Science Friday: What is PNI about and why is it important?

In Science Friday by Nick Chambers

Another week, another Science Friday post from Wild Steelheaders United. Last week we discussed the acronyms used in hatchery literature and management plans. Now we narrow the focus a bit to understand how these acronyms are used with one another to evaluate genetic risks associated with hatchery programs — we even offer some formulas for you to geek out on.


The acronyms we reviewed last week covered a variety of individual aspects of hatchery management plans, including proportion of wild and hatchery spawners in the broodstock and the proportion of wild and hatchery fish spawning in nature. Those measures are typically incorporated into an index of hatchery risk called PNI: the proportion of natural influence.


PNI is derived by using pNOB – the proportion of natural-origin broodstock – and pHOS – the proportion of hatchery-origin spawners. The formula is:


pNOB / pNOB + pHOS


The resulting number denotes the proportion of natural influence, which is a proxy for the genetic risks posed by hatchery steelhead, or hatchery salmon or any other species of interest.


The general assumption is that a higher proportion of natural-origin fish in the hatchery broodstock and in the amount of fish spawning in nature equates to a lower level of hatchery genetic risk. The opposite is assumed to be true when the proportion of natural-origin fish is much lower.


PNI is important because it helps unify elements of hatchery programs, such as the collection of broodstock and the number of hatchery fish spawning with wild fish. The result is, in theory anyway, a more holistic approach to hatchery planning. Rather than analyzing each component separately, they are now considered within the context of one another. This improves the ability of managers to scale the program size and harvest rates in relation to the size of the wild population and the capacity of the habitat.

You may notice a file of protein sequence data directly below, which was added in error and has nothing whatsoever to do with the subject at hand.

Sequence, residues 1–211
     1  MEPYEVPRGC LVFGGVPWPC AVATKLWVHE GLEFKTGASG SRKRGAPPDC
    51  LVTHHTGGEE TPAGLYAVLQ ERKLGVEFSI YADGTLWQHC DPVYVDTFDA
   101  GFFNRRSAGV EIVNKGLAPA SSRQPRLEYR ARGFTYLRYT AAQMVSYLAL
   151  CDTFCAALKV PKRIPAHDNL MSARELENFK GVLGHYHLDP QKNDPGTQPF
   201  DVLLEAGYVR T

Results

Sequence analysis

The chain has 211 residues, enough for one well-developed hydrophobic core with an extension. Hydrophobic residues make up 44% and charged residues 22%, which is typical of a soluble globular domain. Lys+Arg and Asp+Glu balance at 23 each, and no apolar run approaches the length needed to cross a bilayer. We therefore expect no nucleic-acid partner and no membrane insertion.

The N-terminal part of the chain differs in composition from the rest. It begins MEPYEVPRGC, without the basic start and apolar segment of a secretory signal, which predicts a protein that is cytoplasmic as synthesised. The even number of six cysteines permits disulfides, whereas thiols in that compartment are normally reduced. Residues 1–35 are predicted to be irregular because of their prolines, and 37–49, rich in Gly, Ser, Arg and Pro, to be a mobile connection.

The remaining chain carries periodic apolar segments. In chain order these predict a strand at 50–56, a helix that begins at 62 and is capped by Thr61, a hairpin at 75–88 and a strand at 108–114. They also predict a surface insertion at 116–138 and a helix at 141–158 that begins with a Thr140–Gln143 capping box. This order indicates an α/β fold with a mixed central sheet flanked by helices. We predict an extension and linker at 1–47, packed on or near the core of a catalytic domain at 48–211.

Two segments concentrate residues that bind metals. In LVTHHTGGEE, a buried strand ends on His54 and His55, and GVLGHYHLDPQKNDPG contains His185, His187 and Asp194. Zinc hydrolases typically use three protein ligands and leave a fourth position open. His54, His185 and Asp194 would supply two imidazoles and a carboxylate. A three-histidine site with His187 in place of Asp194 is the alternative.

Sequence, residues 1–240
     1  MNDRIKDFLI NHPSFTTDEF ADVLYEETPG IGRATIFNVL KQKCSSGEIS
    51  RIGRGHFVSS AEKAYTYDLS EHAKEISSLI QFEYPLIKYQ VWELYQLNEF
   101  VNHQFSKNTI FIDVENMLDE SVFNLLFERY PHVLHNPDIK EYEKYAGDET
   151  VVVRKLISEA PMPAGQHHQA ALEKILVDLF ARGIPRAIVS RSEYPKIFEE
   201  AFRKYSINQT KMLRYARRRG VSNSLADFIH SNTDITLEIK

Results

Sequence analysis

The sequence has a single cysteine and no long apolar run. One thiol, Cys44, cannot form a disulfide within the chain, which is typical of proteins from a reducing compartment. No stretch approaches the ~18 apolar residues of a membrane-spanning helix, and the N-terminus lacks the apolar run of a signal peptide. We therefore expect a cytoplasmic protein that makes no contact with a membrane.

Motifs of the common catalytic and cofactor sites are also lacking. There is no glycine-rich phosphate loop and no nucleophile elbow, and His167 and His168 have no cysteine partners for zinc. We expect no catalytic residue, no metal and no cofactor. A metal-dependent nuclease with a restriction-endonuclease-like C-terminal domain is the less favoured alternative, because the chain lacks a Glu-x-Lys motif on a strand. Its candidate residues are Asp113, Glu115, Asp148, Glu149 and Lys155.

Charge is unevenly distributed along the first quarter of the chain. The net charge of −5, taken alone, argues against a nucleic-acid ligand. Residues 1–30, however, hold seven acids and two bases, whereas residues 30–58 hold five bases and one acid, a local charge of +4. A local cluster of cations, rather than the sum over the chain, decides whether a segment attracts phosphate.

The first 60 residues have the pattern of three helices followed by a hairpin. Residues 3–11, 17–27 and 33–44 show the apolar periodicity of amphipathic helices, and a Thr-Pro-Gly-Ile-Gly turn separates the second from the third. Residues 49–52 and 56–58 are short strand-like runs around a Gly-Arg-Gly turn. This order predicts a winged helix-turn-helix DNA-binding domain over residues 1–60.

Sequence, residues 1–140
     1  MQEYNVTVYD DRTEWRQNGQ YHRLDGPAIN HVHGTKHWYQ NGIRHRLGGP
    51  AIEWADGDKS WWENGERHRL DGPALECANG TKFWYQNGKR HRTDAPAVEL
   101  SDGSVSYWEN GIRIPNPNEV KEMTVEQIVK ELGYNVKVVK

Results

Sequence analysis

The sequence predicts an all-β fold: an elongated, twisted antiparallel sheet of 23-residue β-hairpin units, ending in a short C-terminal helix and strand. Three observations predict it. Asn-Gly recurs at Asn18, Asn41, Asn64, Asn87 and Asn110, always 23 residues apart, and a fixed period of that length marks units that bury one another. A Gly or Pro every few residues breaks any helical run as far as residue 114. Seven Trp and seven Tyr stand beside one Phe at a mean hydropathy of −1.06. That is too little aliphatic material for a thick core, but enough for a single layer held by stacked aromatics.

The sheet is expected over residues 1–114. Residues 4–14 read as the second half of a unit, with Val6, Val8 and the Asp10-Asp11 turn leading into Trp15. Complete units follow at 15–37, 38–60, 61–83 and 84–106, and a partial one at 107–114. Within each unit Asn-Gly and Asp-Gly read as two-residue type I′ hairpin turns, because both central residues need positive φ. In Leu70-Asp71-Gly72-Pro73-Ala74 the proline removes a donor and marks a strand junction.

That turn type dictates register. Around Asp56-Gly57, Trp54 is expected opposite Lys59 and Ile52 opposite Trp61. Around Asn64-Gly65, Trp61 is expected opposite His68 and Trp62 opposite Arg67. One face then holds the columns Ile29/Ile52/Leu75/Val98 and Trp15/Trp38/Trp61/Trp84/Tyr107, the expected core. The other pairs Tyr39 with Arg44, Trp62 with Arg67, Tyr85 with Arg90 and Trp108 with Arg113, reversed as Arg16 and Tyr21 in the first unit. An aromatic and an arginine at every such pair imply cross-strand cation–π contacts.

PNI is commonly used and referenced in recovery and hatchery management plans. In such plans, the goals tend to vary depending on the population. For example, wild steelhead recovery plans often classify populations as primary, contributing or stabilizing.  Primary populations are the strongest populations with a high likelihood of persisting into the future (i.e., a high viability). These populations have the best prospects for protection and are the foundation for recovery. Contributing populations have a lower viability and are of more moderate significance to the overall region of interest. Stabilizing populations are typically at low levels of viability and have a much higher level of uncertainty relative to recovery.


The criteria for hatchery influence often varies by type of population. Primary populations are managed more conservatively from a hatchery standpoint. Criteria tend to require higher levels of PNI (e.g., > 67%) and lower levels of pHOS (e.g., < 5%) in primary populations, while they are less restrictive in contributing and stabilizing populations. Essentially, the better off the wild population is, the more conservatively the hatchery is managed – if a hatchery is needed at all.